It’s 2020 and hiring a freelancer for your online business can be an extremely difficult job if you try to hire locally. Online freelancing platforms aim to make the hiring process as smooth as possible. These sites expand your pool of potential applicants, offer unbiased client feedback and ensure that both you and your freelancer are satisfied.
Tips for Hiring Freelancers
Hiring your first freelancer doesn’t have to be difficult. Even if you’re experienced at in-person hiring, here are a few tips to make it easier online:
- Don’t lowball your costs. Expect to pay the going market rate or you may receive low-quality work.
- Take time on your job post. Clearly describe your requirements in advance to save time later in the hiring process.
- Include a hook in your post. To make sure your applicants have read your entire job posting, ask them to include a specific word that proves they read the post carefully.
- Research your prospects. Use the platform’s messaging functions to interview your candidates and review their profiles and past work.
5 of The Most Popular Freelancing Platforms
Five years ago, oDesk and Elance, two of the most famous online freelancing site, came to a merge and Upwork was born. The new platform offers all kinds of talents for all your online business needs, from design, data entry, to software engineering. A highlight of Upwork is that it offers a Pro talent service featuring good freelancers handpicked by the platform to meet business owners’ needs and budgets.
This platform is perfect though, a lot of people, both freelancers and clients, complain about the high percentage fees charged by Upwork. Also, your account could be suspended if you don’t follow their rules in the payment system.
Just a side note: some of our initial team members at SoftwareHow were initially hired on Upwork.
Freelancer provides the most comprehensive list of industries of all the freelancing platforms in this list. If you want a one-stop shop for all your freelancing needs, this is your best option. With over 31 million registered users, you’re sure to find the right freelancers of any skill level.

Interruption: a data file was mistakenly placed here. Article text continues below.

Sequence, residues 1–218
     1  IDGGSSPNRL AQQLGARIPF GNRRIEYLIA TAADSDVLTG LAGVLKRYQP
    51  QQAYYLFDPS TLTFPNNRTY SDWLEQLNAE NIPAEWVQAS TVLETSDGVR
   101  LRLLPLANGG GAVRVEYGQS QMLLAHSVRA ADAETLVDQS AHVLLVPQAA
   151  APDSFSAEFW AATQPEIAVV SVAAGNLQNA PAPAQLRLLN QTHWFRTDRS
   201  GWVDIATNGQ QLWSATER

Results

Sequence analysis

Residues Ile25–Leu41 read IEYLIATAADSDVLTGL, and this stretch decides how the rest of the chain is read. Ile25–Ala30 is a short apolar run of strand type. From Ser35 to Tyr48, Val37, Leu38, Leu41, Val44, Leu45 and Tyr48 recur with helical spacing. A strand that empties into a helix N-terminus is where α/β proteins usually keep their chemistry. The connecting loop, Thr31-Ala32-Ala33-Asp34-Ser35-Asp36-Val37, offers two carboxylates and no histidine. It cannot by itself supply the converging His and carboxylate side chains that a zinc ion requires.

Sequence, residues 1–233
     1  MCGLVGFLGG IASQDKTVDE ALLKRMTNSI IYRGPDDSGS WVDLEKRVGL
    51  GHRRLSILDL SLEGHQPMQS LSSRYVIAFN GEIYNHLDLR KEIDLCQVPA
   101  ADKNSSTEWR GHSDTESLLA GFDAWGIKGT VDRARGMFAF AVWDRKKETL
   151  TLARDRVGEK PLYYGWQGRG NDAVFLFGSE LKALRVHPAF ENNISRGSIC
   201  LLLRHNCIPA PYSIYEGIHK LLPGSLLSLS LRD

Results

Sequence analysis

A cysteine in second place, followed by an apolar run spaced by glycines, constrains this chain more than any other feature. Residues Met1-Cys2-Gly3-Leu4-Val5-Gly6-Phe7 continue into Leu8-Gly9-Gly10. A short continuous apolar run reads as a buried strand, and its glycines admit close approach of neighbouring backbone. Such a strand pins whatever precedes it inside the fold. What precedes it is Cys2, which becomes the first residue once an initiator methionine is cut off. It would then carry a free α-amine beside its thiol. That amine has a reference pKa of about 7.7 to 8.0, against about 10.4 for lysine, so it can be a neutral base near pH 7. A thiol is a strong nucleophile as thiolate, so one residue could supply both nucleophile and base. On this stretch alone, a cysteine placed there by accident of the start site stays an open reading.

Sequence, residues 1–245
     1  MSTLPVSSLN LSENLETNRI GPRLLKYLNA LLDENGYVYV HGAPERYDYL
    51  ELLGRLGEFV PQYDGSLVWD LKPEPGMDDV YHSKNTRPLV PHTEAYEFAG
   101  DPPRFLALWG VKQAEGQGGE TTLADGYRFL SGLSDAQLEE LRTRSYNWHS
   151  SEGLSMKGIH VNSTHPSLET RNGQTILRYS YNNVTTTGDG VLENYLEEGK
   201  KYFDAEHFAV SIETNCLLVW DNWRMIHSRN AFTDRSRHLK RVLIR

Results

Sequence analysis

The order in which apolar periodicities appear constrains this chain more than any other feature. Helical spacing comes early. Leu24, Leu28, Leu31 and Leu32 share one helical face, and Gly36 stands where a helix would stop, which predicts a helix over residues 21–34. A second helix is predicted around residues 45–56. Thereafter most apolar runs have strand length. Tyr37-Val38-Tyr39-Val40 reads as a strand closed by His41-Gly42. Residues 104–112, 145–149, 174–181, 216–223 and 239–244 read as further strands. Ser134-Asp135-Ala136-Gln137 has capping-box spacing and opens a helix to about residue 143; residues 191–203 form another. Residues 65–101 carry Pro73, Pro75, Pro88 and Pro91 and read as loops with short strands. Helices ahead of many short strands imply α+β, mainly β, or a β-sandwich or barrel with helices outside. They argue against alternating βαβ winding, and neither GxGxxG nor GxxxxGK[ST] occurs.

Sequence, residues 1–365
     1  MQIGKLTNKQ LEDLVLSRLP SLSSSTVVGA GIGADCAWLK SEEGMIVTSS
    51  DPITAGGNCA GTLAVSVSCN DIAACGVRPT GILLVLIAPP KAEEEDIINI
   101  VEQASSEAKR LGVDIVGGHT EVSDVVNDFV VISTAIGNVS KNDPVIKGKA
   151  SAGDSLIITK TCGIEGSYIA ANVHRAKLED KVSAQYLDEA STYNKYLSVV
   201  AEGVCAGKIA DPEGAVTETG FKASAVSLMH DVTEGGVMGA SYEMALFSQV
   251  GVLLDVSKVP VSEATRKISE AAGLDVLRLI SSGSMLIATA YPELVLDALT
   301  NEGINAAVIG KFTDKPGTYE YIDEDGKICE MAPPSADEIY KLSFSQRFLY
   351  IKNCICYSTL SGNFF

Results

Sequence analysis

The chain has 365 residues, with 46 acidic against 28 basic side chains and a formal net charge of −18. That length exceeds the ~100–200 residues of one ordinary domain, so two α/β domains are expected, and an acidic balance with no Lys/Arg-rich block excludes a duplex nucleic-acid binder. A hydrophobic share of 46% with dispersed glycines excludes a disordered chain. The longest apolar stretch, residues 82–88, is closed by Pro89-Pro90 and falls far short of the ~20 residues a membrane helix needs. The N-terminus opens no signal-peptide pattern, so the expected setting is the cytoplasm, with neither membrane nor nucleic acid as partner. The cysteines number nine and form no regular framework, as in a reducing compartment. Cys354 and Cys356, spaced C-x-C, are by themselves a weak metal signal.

Freelancer has recently launched a new tier of service called the Preferred Freelancer Program, open to the top 3% of ranked freelancers. This is a direct response to the challenge created by Toptal, the final platform on the list.
3. People Per Hour (PPH)
Short for PPH, People Per Hour is a relatively smaller freelancing platform featured on this list, but they seem to be growing very fast. Started in 2007 in the UK, PPH claims they’ve connected over 1 million customers and paid over £100 million to freelancers.
Despite the name, PPH also offers jobs at a fixed rate for as little as $10. Although remember that you get what you pay for. For example, a website that costs $100 isn’t going to look that professional when compared to a $10K site. If you have a small job or are under a tight budget, People Per Hour may be the best place to try.
Founded in 1998, Guru offers the widest range of available skills than any other freelancing platforms. Aiming to be the premier platform where professionals go to collaborate and get work done, Guru covers almost all your online business needs. Besides business people, engineers, lawyers, and architects can also outsource tasks on this platform.
Regarding payment settings, Guru has the most flexible options than most of the competition. For example, you can pay your freelancers based on job, time, milestone, or even set up recurring payments for your best hires.
Toptal targets startup businesses by allowing you to hire freelancers from a network of the top talents in the world. Unlike other freelancing platforms listed above, Toptal doesn’t have a general skill category. But instead, the platform claims that it only shows you the top three percent of talents in development, design, product/project management. Guru achieves this by designing a careful screening process that only certified industry professionals can reply to your job postings so chances are high for you to hire real experts.
The downside is that you’ll need to make an initial $500 deposit before a new job can be posted, though Guru guarantees that the amount will be credited back to your account after you make your first hire on the platform. Obviously, this service is best for high-paying jobs that demand the top freelancers in the market.